The EKS 312 is a high-performance truck featuring a high payload capacity and stability. It is capable of lifting loads of up to 1,200 kilograms. The stacker has a maximum lift height of 9,500 millimetres. Its top speed is 10.5 kilometres per hour. The EKS 312's total width of one metre and length of just over 3.30 metres makes this Series 3 order picker only marginally larger than the Series 2 EKS. Its turning radius amounts to 1,650 millimetres. The stacker was engineered to handle big lift heights, communicates with warehouse management systems and is thus an icon of efficiency in narrow aisles.
Based on field trials, the Series 2 and 3 EKS models lead the market in terms of performance and consumption. According to Riedmaier, this is owed to the deployment of fourth-generation three-phase AC technology, which was successfully introduced to the market by Jungheinrich more than twelve years ago. The compact hydraulics featuring a cast hydraulics unit play an important role in this context as well: "Thanks to the unit's exceptionally low internal resistance, our order picker has a much reduced energy consumption."
Ergonomics: The Driver Takes Centre Stage
Jungheinrich's engineers actively involved the stacker driver in the development of the new EKS series. This has led to a product "which is unrivalled from an ergonomic perspective as well," says Riedmaier. Boasting a best-in-class step height of just 245 millimetres, the user-friendly entry requires the driver to exert less strength while reducing the strain on joints and improving driver safety. Besides sporting clear-cut shapes, the driver's cabin is extremely spacious. It has 50 millimetres more headroom than its predecessor and convenient storage trays, enabling the operator to keep his workspace neat and tidy. Panorama masts from Jungheinrich provide for a very good view when in forward motion (with the payload behind the driver).
Since every application places different demands on the operator and truck, the new EKS was fitted with a flexible, height-adjustable operating panel. "This allows both short and tall drivers to operate the order picker while taking full advantage of its outstanding ergonomics," says Sebastian Riedmaier. In addition, one can add the "Drive" module for high speed travel over long distances. In this mode, the truck moves in the drive direction with the payload on the back. Using the "Reverse" module, the driver can comfortably steer the EKS in load direction to enable high pick rates over short distances. When using the stacker in this "mixed mode," it is helpful that the operating panel can be used from both sides. "We didn't strike any compromises when developing the operating panel," Riedmaier recounts. "Our solution keeps the driver from having to turn around constantly and helps protect his health to boot."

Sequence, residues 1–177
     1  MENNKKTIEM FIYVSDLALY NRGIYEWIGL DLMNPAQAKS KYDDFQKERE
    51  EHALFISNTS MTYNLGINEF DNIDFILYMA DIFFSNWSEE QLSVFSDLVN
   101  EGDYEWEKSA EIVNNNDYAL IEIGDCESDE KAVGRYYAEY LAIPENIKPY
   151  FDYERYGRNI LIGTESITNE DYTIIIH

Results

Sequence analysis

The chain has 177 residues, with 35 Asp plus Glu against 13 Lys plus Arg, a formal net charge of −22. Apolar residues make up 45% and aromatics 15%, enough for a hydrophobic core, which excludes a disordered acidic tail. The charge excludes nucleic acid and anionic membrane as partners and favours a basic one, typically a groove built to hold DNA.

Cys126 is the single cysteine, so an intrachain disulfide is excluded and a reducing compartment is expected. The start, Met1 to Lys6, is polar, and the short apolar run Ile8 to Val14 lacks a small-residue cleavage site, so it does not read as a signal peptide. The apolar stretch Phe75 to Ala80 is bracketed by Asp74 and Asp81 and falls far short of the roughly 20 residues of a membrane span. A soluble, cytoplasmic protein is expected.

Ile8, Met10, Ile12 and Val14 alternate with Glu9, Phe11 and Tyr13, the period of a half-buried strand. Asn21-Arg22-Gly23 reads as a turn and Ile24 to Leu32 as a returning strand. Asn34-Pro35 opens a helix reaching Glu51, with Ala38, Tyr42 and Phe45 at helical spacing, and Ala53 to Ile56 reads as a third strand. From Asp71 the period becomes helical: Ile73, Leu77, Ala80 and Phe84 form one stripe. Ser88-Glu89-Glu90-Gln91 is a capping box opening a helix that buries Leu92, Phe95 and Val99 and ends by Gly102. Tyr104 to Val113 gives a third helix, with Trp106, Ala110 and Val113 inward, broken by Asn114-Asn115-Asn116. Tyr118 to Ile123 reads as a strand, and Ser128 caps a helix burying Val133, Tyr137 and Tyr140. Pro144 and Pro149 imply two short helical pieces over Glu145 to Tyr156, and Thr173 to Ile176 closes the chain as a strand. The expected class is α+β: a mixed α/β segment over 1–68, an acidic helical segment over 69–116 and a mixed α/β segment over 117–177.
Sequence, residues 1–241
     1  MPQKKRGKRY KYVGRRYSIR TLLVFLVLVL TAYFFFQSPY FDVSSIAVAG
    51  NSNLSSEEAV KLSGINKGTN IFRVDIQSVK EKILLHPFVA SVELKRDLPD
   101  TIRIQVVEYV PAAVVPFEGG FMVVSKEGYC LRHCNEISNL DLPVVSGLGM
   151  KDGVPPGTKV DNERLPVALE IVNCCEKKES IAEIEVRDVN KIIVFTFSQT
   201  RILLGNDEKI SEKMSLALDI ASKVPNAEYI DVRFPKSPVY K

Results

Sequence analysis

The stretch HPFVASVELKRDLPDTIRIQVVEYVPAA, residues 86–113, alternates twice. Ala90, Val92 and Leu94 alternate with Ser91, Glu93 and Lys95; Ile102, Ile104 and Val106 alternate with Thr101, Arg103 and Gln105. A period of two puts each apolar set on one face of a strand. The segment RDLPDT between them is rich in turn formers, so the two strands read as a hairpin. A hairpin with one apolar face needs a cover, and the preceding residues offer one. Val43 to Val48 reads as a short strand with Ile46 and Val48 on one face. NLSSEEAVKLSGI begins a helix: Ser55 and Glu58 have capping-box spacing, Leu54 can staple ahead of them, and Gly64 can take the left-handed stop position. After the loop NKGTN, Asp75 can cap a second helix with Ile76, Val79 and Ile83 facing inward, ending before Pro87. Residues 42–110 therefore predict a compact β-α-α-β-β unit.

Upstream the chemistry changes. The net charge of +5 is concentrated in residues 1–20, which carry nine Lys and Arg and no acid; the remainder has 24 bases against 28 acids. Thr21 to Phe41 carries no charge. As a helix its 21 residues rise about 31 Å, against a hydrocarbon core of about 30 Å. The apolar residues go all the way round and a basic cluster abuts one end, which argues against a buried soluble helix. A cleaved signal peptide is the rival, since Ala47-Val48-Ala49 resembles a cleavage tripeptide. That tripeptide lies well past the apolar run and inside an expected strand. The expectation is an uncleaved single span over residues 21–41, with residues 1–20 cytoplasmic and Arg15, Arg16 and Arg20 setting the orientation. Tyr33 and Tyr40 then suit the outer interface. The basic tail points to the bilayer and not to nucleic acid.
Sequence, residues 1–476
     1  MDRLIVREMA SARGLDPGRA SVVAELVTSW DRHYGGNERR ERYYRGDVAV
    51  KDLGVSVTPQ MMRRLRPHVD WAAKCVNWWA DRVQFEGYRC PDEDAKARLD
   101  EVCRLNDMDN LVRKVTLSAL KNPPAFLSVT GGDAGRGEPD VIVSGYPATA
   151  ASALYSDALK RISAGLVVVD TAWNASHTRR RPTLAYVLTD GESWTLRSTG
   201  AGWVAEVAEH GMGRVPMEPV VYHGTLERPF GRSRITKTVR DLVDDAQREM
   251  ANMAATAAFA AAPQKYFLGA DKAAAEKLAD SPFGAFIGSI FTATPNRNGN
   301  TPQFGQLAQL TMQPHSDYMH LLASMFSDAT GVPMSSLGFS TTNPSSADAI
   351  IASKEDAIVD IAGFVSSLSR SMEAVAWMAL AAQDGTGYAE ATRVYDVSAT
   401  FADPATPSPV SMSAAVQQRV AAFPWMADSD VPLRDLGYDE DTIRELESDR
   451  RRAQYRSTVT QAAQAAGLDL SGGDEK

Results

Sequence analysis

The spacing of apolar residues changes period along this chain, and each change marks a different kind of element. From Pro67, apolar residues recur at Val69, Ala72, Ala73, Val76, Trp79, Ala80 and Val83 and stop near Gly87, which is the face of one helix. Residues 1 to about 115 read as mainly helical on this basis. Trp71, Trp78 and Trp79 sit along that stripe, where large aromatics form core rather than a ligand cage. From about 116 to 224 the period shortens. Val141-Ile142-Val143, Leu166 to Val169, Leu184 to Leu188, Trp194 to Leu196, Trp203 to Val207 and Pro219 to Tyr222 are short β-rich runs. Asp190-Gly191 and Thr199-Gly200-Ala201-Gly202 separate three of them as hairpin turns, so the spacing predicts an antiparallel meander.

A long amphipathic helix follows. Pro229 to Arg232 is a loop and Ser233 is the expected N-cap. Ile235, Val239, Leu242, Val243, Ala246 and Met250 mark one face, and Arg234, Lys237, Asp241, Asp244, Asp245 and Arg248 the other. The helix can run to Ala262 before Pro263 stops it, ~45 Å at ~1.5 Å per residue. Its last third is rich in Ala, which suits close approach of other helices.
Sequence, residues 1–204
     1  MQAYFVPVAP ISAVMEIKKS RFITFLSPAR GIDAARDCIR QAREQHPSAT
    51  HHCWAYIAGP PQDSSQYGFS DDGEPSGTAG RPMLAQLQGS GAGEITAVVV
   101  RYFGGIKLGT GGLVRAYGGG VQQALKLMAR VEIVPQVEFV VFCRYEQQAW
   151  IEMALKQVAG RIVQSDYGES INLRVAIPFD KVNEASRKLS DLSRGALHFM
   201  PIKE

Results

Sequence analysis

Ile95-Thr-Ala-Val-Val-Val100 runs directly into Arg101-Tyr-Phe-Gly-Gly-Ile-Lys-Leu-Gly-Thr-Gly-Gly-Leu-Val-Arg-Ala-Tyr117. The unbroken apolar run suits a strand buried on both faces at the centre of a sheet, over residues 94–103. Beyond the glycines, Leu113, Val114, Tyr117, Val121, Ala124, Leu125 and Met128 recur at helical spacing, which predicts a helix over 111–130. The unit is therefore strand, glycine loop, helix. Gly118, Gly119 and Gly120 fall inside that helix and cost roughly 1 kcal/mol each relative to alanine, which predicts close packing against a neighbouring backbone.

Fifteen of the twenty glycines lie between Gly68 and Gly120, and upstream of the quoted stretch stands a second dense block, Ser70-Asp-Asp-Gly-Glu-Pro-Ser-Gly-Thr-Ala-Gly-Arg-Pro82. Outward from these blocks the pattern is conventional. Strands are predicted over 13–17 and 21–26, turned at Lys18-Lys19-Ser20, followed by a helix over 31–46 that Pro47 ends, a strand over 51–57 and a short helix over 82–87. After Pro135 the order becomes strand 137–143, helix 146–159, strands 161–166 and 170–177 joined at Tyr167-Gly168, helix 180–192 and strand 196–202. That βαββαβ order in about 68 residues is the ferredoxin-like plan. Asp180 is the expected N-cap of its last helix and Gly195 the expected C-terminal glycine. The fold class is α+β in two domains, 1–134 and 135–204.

A similar solution was found for the order picking process. Since the operating panel was minimized in size, the operator no longer has to bend over in order to put together partial loads on the pallet in front of him, reducing the risk of slipping a disc considerably. The standard auxiliary lift can be adjusted at the push of a button to set the order-picking height that best suits the driver.
Additional features round off Jungheinrich's new series. These include longer maintenance-free periods, which go hand in hand with a reduced cost of ownership. The use of redundant dual-channel computer systems in the EKS ensures that tomorrow's safety standards are already met today. Also on offer is a personal protection system for narrow-aisle warehouses, tailored to suit the customer's needs and built by Jungheinrich ex factory.
Jungheinrich ranks among the world's leading companies in the material handling equipment, warehousing and material flow engineering sectors. The company is a logistics service provider with manufacturing operations, which offers its customers a comprehensive range of forklift trucks, shelving systems, services and consulting covering the entire field of intralogistics. Jungheinrich shares are traded on all German stock exchanges.